- Burnett School College of Medicine
Natural compounds extracted from sea sponges and other marine life may hold the secret weapon to fighting tuberculosis – a disease that is one of the top 10 causes of death worldwide.
An ongoing study led by Dr. Kyle Rohde, assistant professor at the Burnett School of Biomedical Sciences, has found that certain extracts from marine natural products, like sponges, may have the power to treat tuberculosis faster and better than existing drugs, particularly when bacteria have become dormant and drug-resistant.
His findings have been accepted for publication in Antimicrobial Agents and Chemotherapy, a journal published by the American Society of Microbiology. Dr. Rohde’s study is being funded by the National Institute of Health.
Tuberculosis, an infectious bacterial disease that mainly affects the lungs, is spread from person to person through the air. Globally, there are about 10.5 million new cases and about 1.5 million deaths reported each year.
“One of the biggest problems is the lack of effective treatments,” Dr. Rohde explained. “Tuberculosis is very difficult to treat and in most cases, takes six to nine months of taking at least four drugs daily. And most patients don’t stick to their drug regimens for six to nine months because they have undesirable side effects, or they stop taking it when they feel better.”
Tuberculosis bacteria have thick cell walls that drugs have difficulty penetrating. The bacteria also express proteins that make it resistant to treatment. And the bacteria can hide within the immune system and become dormant, only to reappear after treatment ends. “Most of the drugs we have only kill bacteria that are trying to replicate,” he said, “so we need drugs that can kill those dormant ones.”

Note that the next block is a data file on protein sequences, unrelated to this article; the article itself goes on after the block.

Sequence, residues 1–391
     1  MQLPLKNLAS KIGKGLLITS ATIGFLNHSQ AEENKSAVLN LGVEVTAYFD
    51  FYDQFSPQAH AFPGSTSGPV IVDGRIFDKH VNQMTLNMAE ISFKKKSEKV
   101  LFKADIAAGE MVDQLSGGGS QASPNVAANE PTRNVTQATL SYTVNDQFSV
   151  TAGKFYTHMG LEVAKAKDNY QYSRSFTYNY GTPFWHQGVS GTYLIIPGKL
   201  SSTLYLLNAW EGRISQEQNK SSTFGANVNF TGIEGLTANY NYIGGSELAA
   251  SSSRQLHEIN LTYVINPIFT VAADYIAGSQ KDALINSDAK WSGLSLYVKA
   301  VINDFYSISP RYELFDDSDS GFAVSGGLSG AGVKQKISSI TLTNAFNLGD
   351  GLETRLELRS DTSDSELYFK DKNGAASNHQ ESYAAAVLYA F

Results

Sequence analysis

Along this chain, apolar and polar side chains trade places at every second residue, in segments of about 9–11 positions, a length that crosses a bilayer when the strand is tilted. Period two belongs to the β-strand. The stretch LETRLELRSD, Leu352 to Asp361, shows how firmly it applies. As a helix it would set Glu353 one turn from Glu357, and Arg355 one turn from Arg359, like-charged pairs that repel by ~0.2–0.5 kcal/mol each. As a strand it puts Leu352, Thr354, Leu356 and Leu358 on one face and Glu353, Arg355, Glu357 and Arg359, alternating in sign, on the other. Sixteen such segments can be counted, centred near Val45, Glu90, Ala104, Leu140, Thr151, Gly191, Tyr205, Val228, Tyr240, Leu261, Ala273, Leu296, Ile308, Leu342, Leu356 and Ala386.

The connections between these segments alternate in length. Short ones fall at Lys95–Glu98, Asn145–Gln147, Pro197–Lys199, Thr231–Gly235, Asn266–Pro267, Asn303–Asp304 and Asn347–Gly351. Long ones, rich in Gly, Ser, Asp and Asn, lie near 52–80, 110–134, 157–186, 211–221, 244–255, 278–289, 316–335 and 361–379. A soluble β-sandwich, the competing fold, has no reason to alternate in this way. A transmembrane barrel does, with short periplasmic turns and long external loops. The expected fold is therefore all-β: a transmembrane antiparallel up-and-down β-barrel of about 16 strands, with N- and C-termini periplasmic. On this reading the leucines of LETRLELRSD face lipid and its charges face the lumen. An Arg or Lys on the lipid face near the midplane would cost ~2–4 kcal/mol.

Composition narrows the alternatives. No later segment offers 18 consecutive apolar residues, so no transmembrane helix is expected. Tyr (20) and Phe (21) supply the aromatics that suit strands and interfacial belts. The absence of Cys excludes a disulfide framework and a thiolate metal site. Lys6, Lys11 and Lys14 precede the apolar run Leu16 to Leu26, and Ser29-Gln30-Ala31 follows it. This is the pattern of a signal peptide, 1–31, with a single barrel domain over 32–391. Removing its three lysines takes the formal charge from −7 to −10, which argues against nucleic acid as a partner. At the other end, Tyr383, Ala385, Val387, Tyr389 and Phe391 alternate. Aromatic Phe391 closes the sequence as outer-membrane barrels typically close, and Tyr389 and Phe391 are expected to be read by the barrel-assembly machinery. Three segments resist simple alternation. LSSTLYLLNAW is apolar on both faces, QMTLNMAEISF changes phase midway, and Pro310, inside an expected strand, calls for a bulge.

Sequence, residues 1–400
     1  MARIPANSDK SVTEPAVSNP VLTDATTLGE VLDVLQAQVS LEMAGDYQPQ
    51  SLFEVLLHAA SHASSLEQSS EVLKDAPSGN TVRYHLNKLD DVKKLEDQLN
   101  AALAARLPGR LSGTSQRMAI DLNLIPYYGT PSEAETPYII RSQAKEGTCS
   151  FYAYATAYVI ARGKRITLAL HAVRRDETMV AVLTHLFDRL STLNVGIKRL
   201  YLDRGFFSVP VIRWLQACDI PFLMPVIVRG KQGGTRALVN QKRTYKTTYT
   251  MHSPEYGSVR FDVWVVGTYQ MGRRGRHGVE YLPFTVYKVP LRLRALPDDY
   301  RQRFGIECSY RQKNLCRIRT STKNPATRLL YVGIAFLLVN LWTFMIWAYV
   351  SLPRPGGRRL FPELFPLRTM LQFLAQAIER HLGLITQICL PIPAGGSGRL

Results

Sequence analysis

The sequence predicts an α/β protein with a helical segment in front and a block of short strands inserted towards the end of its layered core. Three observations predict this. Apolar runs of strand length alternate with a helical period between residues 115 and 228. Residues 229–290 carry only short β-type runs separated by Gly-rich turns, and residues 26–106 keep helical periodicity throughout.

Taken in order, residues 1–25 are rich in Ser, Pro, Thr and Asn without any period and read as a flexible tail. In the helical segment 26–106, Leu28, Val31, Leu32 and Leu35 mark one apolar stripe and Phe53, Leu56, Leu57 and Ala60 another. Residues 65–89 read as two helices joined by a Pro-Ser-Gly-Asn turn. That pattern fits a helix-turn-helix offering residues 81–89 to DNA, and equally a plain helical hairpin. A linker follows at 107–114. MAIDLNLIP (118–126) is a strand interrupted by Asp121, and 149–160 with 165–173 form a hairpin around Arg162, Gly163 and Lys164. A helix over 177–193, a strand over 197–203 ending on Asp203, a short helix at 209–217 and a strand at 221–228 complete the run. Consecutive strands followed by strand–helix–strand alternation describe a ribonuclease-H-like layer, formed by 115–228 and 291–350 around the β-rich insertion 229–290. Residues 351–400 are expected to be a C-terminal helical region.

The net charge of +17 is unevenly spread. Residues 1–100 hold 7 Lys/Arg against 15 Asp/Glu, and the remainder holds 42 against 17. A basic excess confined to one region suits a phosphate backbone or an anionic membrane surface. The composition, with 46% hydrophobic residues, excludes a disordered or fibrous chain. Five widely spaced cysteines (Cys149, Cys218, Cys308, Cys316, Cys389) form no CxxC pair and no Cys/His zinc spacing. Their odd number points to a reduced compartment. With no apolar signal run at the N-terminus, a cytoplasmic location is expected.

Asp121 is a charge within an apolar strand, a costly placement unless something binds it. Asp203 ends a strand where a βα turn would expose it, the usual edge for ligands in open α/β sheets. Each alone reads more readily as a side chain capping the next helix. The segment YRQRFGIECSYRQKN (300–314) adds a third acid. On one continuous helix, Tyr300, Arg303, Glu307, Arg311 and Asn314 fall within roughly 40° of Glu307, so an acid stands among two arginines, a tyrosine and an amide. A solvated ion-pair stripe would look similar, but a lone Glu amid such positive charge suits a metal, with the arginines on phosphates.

Scientists have been isolating marine natural compounds from sea sponges and other marine organisms to find treatments for diseases such as cancer and tuberculosis. Dr. Rohde said many of these compounds are not in the sponges themselves, but are made from microorganisms such as fungi or bacteria that live on the sponges.
Through a partnership with Dr. Amy Wright of the Florida Atlantic University’s Harbor Branch Oceanographic Institute, Dr. Rohde and his team screened 4,400 chemical extracts derived from extracts of sponges and other marine organisms to see if they could fight the dormant tuberculosis bacteria.
“To our knowledge this is the largest marine natural product screening on TB and the only one that focused on dormant bacteria,” he said.
Of the 4400 samples tested, the team identified 26 compounds that were active against replicating tuberculosis bacteria, 19 killed dormant bacteria including seven that were active against both.
“There were some that actually killed the dormant bacteria better than the replicating bacteria, which is a novelty,” he said, “as existing drugs are better at killing replicating bacteria.”
The next step in the research will be to purify and further isolate the individual compounds in these extracts to identify which ones have antibacterial properties.
“Once we’ve identified these compounds, we want to study them to understand how they work,” Dr. Rohde said “That way if the compound turns out not to be a great drug for use in humans as is, at least we would have identified a new target for antibiotics. Alternatively, we could work with chemists to modify the drug to improve its clinical usefulness.”